At the Houston Chronicle, Bobby Cervantes today has an item reacting to Judge Spillane's piece. His article opened with this promising assessment:
The strides Texas policymakers have made in recent years on criminal justice reform have been one of the few bright spots on the state’s record nationally. They can be some of the most complicated issues each legislative session – from decriminalizing truancy to trashing the ‘pick-a-pal’ system in grand jury selection last year – but they are largely seen as worth the effort when it’s all done.

There has been one issue on this front that has, so far in the interim, gotten so much attention from Republicans and Democrats alike that it can be placed atop a to-do list for lawmakers next session, and there’s mounting evidence that they can’t look away anymore. Modern-day debtors’ prisons, where someone is locked up because he can’t pay a fine levied by a court, have sprouted up around the state. They have served, by all accounts, to make poor Texans that much poorer, by interrupting their lives and jobs and sending them to jail for failing to pay a tab they never were going to meet.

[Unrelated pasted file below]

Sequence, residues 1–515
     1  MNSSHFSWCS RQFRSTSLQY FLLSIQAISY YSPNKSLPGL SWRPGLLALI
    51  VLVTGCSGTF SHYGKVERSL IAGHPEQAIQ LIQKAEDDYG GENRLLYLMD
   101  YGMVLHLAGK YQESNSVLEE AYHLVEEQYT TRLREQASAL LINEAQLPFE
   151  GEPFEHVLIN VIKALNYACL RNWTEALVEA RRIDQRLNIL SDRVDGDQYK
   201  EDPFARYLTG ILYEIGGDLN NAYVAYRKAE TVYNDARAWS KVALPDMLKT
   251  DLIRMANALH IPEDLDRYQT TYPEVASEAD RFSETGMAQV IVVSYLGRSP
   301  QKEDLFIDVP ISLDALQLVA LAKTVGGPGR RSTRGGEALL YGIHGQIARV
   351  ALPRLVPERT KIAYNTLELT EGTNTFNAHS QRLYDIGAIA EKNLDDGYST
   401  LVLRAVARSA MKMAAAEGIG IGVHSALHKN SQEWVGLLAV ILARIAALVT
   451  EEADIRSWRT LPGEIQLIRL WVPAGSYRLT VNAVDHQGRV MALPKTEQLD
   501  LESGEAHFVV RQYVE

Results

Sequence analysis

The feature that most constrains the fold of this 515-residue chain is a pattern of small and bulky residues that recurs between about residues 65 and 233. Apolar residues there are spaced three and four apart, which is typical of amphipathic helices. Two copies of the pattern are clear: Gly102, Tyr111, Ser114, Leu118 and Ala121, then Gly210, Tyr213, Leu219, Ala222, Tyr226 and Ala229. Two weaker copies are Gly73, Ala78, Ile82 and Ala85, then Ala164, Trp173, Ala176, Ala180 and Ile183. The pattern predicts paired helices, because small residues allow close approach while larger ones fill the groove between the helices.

Target No. 1 is the Driver Responsibility Program, which came under bipartisan fire earlier this year for requiring drivers who are convicted of certain traffic offenses to pay an added annual fee on top of the court fines already imposed by a judge. If they can’t, they lose their driver’s license, a situation that has left an estimated 1.3 million drivers without valid licenses, according to a civil rights group.
From your keyboard to God's ear, Bobby!


Anonymous said...

Don't forget the Community Service free slave labor racket. In Harris County, any non-profit can apply for free laborers from Probation Department (it helps if you now a judge) to perform free labor and other menial tasks for your organization, be it a fund raiser, festival, or other event. Saves you the hassle of getting volunteers to set up chairs, tents, etc.

Anonymous said...

^^^^Here's an even better idea. Let's just stop punishing criminals and lawbreakers altogether. Problem solved!